Yorkshire Post - YP Magazine
Triggered by history
Jesse James, Billy the Kid, Buffalo Bill, Calamity Jane, Wild Bill Hickok, Davy Crockett, John Wesley Hardin... their names roll off the tongue as easily now as they did in the days of the old Wild West. Let’s start with Billy the Kid (born William Henry McCarty in the slums of New York in 1859 or 60), the notorious outlaw and gunfighter reputed to have killed at least 27 men before being gunned down in 1881. After legendary Sheriff Pat Garrett finally brought the
Kid to trial and the judge sentenced him to hang until “you are dead, dead, dead”, Billy reportedly responded: “And you can go to hell, hell, hell.”
Two weeks before his scheduled execution, Billy escaped, killing two guards in the process, one of them
Deputy Bob Olinger. Garrett mounted yet another posse to bring in the Kid and after tracing him to a friend’s ranch in Fort Sumner, New Mexico, shot him dead. No legal charges were brought against him and the killing was ruled justifiable homicide.
Now the gun used to kill the Kid – Garrett’s Colt single-action Army revolver – has fetched a stunning $6m (£4.35m) at a Bonhams Early West sale in Los Angeles. And the Whitney double-barrel hammer shotgun the outlaw took from Deputy Olinger and used to kill him during the dramatic Lincoln County Courthouse escape fetched £706,000. This shotgun is the only identified weapon Billy the Kid is known to have used – and the last.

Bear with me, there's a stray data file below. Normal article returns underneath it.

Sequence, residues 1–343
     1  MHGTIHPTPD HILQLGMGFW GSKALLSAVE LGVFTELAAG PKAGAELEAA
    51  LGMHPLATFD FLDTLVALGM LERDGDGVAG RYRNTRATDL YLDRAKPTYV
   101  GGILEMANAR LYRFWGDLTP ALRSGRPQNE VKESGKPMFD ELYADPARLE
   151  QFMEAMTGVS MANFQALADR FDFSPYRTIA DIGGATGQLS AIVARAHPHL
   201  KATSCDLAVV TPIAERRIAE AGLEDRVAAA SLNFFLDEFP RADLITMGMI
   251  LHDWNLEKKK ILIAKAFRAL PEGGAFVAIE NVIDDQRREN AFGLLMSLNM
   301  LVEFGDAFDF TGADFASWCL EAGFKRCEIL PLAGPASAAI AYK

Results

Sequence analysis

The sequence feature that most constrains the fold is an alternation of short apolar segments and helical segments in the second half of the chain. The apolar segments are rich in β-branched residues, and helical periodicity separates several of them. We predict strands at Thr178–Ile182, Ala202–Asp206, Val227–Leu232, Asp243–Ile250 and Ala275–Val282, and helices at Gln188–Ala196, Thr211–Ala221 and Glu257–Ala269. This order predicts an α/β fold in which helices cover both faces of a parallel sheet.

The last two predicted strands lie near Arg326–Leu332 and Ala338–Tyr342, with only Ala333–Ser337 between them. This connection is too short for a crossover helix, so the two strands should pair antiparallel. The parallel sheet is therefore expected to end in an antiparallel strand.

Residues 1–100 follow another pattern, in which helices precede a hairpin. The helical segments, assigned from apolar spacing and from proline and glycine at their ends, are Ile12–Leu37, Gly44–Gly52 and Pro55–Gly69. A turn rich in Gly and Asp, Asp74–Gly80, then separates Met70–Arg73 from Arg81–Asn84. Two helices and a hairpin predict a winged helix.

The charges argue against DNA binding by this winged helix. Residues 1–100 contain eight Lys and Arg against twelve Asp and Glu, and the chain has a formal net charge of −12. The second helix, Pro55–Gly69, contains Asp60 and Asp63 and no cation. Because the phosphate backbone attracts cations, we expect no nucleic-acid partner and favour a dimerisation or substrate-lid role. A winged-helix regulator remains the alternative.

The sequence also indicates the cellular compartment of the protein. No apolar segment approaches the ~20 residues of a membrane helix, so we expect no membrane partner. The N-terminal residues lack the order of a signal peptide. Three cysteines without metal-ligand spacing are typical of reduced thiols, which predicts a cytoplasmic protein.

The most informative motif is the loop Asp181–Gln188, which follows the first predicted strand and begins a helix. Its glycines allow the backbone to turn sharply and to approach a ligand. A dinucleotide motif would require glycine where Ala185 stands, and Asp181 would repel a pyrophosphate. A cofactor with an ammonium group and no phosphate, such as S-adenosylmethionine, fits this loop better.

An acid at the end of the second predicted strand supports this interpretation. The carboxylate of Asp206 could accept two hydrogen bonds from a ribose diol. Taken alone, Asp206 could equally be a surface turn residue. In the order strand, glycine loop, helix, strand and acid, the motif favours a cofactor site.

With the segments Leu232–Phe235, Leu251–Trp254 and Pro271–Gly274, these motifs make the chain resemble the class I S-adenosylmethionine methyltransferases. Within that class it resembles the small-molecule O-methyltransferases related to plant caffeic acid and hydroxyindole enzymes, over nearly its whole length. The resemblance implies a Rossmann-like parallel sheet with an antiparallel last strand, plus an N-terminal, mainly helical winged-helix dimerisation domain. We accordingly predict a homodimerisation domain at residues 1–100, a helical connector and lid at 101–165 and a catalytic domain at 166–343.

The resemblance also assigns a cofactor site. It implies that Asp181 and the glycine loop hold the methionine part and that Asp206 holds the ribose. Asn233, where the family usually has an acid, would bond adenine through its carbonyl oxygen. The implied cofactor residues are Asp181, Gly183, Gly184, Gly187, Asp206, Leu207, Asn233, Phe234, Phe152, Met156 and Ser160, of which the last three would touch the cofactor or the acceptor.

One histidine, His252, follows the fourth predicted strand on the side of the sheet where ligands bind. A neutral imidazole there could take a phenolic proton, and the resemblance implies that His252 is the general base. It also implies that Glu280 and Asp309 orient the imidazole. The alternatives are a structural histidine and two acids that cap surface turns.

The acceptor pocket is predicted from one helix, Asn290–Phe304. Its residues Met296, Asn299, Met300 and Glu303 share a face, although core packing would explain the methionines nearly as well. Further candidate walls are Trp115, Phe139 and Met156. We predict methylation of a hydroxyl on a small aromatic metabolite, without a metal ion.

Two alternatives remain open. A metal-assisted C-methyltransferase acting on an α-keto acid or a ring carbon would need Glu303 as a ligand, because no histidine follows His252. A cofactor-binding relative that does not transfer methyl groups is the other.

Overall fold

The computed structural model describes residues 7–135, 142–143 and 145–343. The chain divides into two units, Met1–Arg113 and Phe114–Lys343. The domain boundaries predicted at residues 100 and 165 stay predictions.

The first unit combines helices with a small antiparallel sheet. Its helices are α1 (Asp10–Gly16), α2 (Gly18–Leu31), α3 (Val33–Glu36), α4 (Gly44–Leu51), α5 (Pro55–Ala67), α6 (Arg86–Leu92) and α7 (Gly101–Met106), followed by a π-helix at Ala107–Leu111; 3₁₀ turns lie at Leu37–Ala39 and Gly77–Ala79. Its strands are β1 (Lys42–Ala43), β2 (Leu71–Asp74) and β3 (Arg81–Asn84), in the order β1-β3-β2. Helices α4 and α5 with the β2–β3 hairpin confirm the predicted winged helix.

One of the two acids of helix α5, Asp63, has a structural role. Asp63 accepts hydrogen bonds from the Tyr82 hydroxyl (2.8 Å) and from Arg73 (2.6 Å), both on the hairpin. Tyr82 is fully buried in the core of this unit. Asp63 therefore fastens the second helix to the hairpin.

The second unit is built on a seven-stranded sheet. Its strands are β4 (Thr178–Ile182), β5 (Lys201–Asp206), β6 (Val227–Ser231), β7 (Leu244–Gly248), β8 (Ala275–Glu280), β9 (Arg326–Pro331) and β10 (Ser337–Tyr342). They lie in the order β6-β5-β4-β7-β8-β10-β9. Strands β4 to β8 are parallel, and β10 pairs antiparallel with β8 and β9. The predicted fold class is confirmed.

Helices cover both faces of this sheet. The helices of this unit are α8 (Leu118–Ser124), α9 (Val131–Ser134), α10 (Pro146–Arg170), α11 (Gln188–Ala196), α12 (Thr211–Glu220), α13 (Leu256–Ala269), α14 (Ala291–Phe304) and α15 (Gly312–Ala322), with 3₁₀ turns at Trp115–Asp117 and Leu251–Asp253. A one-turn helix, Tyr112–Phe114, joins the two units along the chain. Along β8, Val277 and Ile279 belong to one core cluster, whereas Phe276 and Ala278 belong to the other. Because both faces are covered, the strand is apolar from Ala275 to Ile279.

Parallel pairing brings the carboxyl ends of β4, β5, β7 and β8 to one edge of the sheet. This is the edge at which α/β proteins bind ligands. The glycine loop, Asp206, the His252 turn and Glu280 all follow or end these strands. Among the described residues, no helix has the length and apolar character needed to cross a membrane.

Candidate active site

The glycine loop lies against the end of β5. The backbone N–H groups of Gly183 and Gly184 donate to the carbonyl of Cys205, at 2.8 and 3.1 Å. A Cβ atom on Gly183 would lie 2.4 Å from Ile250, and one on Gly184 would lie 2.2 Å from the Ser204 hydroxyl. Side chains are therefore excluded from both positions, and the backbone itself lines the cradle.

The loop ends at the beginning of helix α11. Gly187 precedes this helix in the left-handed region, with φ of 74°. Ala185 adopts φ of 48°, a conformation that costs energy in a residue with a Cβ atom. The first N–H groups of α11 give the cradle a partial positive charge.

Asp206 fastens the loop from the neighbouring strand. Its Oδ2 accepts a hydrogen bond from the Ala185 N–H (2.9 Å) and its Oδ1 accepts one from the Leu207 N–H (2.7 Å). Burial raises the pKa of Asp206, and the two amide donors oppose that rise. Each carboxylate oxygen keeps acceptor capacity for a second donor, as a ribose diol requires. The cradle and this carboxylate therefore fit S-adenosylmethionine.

Wild Bill Hickok – wagonmaster, Union spy, gunslinger, gambler and lawman – was reputedly the Fastest Gun in the West. But on August 2, 1876 he was shot in the back of the head in Deadwood, South Dakota, by Jack McCall while holding a poker hand of aces and eights (now popularly known as the “dead man’s hand”). In his coffin, Hickok was buried with his prized Springfield rifle by his side. Naturally, that rifle, recovered from his final resting place, also drew the big bidders and the final price for the damaged weapon, with JB Hickock crudely carved on the walnut stock, topped £343,000.
Hard-drinking gambler, quick-draw gunslinger and notorious killer of at least 21 men from 1868-77, John Wesley Hardin was shot in the back of the head by John Selman Junior in a bar in 1895. The Smith & Wesson “Frontier” revolver that Hardin was carrying at the time of his death realised £451,000.
Space permits only brief mention of other famous names: the Colt revolver outlaw Johnny Ringo was carrying when he was found dead near Tombstone, Arizona, in 1882 made £266,200; prospector, Pony Express rider, army scout and showman Buffalo Bill’s silver pocket watch £10,290; a Wells Fargo strongbox £7,485; and Gene Autry’s screen Colt revolver from films in the 1930s and 40s £7,480. Also making fourfigure sums were photos of Apache leader Geronimo, Sioux chief Sitting
Bull, frontierswoman and sharpshooter Calamity Jane, legendary bank and train robber Jesse James, US cavalry commander General Custer and markswoman Annie Oakley.
All fired up... collectors go wild for Wild West memorabilia. John Vincent reports on a multi-million dollar sale.
This shotgun is the only identified weapon Billy the Kid is known to have used – and the last.